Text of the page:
Finally, consider if you are willing to spend $200 on parts, a low end new computer this time of year (without monitor) can cost you about that... maybe $300. Yes, you'll have to take time to migrate your documents and programs, but it's a clean, new, faster system.

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I say upgrade and save the planet! Too much e waste being produced already, =) –  Enrico Susatyo Dec 3 '10 at 23:35

Agree with Tobu and Xiuhtecuhtli, but you may want to try the following

  • Does your system have an anti-virus installed? Sometimes the "Active" scanning modes can cut performance. I recommend that if you have one, that you leave it on; switching it off temporarily might reveal an improvement.
  • Extra RAM may help. You'll find it cheap to get to 2GB of RAM.
  • Often, experts recommend de-fragmenting your drive (in drive properties). Personally, I don't, but the ones who do swear that it boosts performance.
  • For whatever reason, I've found that a fresh install of the operating system can boost performance. This is an old habit, I'll admit, and it will lose you a day to back everything up, reinstall and then to restore your files
  • Switching off unnecessary startup items and services will improve things
  • On my P4 machines, I use Chrome (or Chromium) instead of Firefox - It's just plain faster

If you'll excuse the personal story, I've a few P4 machines running alongside more recent machines. They're certainly good enough for daily use - XP and Ubuntu are fine, but I had to upgrade the RAM recently for higher performance.

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Adding a new hard drive shouldn't make your computer slower - if windows are drawing slowly then you've got a pretty serious problem. I'd recommend re-installing Windows - you'll be surprised how much faster your system will be.

Hardware wise my first recommendation would be more RAM - you'll find that Firefox can take a couple 100 MB's just by itself.

After that I'd upgrade the hard drive. Newer hard drives are not just larger, they are faster. Having a fast hard drive makes a huge difference in program loading and a large number of slowdowns are from hard disk reads. That's why everyone is going crazy over SSD's. If you do a Windows reinstall, reinstall to that newer hard drive you mentioned - it's most likely faster than your original drive.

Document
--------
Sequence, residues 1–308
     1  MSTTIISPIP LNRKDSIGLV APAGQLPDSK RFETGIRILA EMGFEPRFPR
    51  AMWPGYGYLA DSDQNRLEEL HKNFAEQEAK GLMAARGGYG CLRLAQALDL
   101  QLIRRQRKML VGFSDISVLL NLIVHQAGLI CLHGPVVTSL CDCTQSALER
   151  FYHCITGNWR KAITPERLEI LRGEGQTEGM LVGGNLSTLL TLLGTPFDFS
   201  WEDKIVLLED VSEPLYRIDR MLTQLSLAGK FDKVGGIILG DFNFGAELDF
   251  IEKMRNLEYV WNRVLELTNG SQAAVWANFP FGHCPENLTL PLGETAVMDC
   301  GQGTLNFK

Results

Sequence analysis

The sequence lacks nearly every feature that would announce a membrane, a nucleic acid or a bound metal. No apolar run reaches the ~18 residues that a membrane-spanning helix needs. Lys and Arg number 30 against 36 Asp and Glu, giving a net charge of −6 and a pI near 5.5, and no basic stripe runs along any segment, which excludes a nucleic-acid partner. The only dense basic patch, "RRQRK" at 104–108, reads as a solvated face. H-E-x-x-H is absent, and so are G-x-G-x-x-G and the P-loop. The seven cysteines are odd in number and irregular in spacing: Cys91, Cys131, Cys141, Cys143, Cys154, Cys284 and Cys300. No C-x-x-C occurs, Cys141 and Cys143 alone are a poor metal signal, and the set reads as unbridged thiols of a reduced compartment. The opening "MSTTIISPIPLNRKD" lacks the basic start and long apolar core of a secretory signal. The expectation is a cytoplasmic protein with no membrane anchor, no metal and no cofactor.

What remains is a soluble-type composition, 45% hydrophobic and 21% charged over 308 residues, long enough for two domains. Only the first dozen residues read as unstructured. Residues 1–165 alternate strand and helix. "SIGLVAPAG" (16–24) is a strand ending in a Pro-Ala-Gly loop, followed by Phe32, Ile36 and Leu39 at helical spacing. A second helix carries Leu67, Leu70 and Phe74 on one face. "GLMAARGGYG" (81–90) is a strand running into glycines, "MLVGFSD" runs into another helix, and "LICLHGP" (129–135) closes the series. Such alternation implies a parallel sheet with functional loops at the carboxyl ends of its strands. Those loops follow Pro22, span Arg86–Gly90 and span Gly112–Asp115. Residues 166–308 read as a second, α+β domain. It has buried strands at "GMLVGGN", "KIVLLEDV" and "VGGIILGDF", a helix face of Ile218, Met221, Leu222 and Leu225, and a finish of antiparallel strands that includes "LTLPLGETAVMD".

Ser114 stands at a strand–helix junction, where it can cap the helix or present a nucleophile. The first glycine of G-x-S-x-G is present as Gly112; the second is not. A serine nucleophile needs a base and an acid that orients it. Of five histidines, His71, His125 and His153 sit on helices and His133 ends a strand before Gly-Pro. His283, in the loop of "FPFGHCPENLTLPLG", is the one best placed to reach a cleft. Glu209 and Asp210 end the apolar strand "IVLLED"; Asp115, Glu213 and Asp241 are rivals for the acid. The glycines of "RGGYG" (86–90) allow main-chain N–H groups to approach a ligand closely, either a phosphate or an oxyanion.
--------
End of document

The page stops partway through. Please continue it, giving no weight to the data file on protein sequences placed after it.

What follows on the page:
A CPU upgrade probably won't be cost effective, they're are that much faster P4's out there . If you have a newer socket 775 board that can run Core 2 Duo's, then that might be a consideration.

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What kind of slowness? Typically, you're better off upgrading the ram. Certainly don't upgrade to another windows release, the increased footprint would be fatal.

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Not always true if it's XP -> 7 and you make the right kind of tweaks, but generally good advice. –  Shinrai Dec 3 '10 at 23:13

Upgrading the OS (to Linux) is more likely to speed up Firefox than anything else, and it's free. But if you want to stick with Windows, the most effective upgrade would be another GB of RAM. (It would help Linux too.)

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Check your event log for excessive errors.

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Typically if a computer Was Fast and now running the same programs more or less it is slow, I am going to point my finger at MALware/Junk or Lack of Swap space on your Drive.

Make Sure you have AT LEAST 512 MB of space free for items like SWAP files.